Right now, Mark Zuckerberg -- and really just Mark -- is making really formative, important decisions about verification of ads on Facebook.

SREENIVASAN: Whether or not they're going to verify a political ad, right?

HUGHES: Exactly, whether or not the -- Facebook is going to be responsible for verifying a political ad.

SREENIVASAN: And his position is: No, everybody should be able to say whatever they want, and it is an informed public. They can make up their

own minds. We, Facebook, are not going to stand in the way and say that this is true and this is not true.

HUGHES: His -- his position is that, that we shouldn't hold Facebook to the same standards that we hold network television or any of these other

companies to, and, whereas others may have a basic standard of decency to ensure that ads are not lying, not propagating outright lies, Facebook is

going to have none of it, and is not going to take on this responsibility.

That has a huge impact on the political and civic discourse in our -- not just in our country, but in other countries as well. And that kind of power

is problematic because it is unaccountable.


The board at Facebook is really just an advisory board, because of the way Mark has structured the company. And, until recently, we haven't seen a lot

of regulatory action from the FTC or DOJ or -- or government.

And so we have one corporate executive in California who's making really important decisions for our national and civil discourse. And we can and

should debate whether that's the right decision or the wrong decision, but I think that the point that it teaches us is that -- that Mark Zuckerberg

and Facebook has too much power.

And the role of our government is to identify when that power is being abused and to check it.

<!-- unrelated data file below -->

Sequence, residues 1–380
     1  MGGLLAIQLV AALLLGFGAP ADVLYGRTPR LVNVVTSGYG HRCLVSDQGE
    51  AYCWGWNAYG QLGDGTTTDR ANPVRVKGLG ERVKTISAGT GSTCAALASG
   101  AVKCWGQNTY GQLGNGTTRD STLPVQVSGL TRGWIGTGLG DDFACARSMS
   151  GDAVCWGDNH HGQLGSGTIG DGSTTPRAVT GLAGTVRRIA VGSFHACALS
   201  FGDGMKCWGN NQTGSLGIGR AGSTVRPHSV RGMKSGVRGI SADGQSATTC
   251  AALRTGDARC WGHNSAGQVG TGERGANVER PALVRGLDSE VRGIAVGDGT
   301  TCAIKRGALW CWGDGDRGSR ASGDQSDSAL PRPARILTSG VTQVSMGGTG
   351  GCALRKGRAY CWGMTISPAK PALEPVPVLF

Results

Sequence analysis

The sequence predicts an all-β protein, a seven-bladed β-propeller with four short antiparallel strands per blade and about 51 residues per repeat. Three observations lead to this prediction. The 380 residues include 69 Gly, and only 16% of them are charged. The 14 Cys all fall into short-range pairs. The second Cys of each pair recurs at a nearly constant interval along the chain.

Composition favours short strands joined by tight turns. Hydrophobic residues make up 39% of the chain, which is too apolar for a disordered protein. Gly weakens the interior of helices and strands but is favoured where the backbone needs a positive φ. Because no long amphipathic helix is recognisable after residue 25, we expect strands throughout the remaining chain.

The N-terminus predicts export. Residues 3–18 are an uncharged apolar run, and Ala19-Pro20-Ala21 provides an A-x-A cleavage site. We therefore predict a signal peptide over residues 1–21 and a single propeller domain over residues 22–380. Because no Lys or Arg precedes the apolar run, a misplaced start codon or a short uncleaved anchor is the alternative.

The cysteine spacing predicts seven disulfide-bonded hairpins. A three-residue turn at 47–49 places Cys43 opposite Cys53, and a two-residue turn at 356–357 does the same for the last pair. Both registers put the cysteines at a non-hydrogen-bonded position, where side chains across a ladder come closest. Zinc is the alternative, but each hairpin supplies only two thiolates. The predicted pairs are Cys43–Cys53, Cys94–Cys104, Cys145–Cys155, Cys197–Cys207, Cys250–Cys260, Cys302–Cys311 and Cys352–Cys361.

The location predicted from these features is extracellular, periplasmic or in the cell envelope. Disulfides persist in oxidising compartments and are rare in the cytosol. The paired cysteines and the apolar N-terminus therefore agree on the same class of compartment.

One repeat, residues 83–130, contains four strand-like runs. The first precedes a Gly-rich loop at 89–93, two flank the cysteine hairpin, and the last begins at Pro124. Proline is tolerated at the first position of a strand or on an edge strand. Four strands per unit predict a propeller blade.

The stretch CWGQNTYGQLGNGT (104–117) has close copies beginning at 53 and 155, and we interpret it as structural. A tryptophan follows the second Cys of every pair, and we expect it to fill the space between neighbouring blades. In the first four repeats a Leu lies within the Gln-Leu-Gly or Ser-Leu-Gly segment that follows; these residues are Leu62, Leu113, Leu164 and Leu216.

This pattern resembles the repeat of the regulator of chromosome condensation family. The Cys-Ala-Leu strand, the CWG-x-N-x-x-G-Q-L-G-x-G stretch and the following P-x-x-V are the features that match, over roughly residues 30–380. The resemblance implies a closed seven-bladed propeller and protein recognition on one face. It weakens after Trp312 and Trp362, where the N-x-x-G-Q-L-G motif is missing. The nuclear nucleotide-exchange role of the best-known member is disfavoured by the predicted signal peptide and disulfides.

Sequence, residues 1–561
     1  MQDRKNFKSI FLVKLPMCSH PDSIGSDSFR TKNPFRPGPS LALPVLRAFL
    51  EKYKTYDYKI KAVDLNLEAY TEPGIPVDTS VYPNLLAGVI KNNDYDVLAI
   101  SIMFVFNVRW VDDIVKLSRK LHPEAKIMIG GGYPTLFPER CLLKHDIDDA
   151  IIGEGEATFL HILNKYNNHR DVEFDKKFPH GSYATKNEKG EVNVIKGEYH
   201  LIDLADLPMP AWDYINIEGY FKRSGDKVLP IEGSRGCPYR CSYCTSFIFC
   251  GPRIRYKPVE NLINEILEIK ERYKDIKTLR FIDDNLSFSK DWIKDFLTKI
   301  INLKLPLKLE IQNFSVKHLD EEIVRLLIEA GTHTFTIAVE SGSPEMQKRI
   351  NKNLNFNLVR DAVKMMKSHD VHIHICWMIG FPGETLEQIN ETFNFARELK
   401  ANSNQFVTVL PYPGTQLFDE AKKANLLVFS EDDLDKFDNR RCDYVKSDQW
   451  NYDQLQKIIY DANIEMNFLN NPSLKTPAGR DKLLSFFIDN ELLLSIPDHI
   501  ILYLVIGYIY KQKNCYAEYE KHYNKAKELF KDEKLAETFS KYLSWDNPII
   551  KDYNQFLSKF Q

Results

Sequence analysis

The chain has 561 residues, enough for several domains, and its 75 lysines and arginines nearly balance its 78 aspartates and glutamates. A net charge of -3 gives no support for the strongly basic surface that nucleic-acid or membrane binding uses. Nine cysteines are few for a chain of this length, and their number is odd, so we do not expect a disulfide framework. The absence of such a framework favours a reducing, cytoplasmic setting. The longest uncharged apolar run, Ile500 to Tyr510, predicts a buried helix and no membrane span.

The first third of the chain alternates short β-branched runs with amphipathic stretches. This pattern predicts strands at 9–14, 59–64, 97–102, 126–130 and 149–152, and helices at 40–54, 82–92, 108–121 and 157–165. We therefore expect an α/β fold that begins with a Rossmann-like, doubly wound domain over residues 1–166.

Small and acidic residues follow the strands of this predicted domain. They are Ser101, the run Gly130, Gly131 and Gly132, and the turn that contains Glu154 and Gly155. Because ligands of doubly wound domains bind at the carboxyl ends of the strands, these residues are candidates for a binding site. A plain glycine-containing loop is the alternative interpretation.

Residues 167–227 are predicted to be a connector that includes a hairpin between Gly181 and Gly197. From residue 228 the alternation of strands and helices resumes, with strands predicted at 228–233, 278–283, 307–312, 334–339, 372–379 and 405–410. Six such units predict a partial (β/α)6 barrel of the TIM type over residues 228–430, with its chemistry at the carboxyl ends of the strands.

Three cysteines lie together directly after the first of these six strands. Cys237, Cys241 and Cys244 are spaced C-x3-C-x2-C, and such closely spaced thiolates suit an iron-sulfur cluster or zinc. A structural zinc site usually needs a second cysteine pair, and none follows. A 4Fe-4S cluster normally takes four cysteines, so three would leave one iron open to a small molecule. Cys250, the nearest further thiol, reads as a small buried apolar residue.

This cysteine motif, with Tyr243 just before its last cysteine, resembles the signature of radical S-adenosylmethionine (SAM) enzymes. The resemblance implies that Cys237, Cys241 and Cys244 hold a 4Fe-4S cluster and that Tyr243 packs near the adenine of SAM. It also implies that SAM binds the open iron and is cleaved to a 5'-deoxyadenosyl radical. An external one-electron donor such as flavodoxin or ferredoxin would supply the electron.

SREENIVASAN: Just to remind some of our audience, you wrote an op-ed this past year.

And in it -- I'm just going to read a little excerpt of it -- it says: "Mark's influence is staggering, far beyond that of anyone else in the

private sector or in government. He controls three core communications platforms, Facebook, Instagram and WhatsApp, that billions of people use

every day. Facebook's board works more like an advisory committee than an overseer, because Mark controls around 60 percent of voting shares."

You, along with a couple of professors from NYU and Columbia, went down this summer and had conversations with both the FTC and the DOJ about

Facebook. What did you tell them?

HUGHES: You know, we talked to them about the same things that I wrote about in the article, that Facebook has specifically pursued a policy of

acquiring its competitors in order to lock down the social networking marketplace.

There are some competitors out there, like Snapchat or Twitter, but their size is really a rounding error. I mean, Facebook's revenue this year will

be $50 billion. Snap's last year was one.

I mean, these companies, they exist, but they're -- they're specks compared to Facebook's size. And so, just as I called for in the piece...



HUGHES: ... I do you think that Facebook should be broken up.

I think that it should -- that WhatsApp, Instagram and Facebook should be separate companies, each with their own CEO, each competing against one


And I think, at the same time, we also need to think about, what are rules for the road for social networking and other tech companies that can ensure

that users are protected even in a more competitive environment?

So, these are things like privacy protections, interoperability, data portability, some kind of framework for how we're going to deal with these

questions of political speech, et cetera.

SREENIVASAN: Do you think -- there are some reports now that the FTC might be considering injunctions against Facebook in the coming year.

Kind of explain, in layman's terms, what does that mean and what is it about?

HUGHES: They're saying that they're seriously considering telling Facebook: Hold up. We need to take a closer look.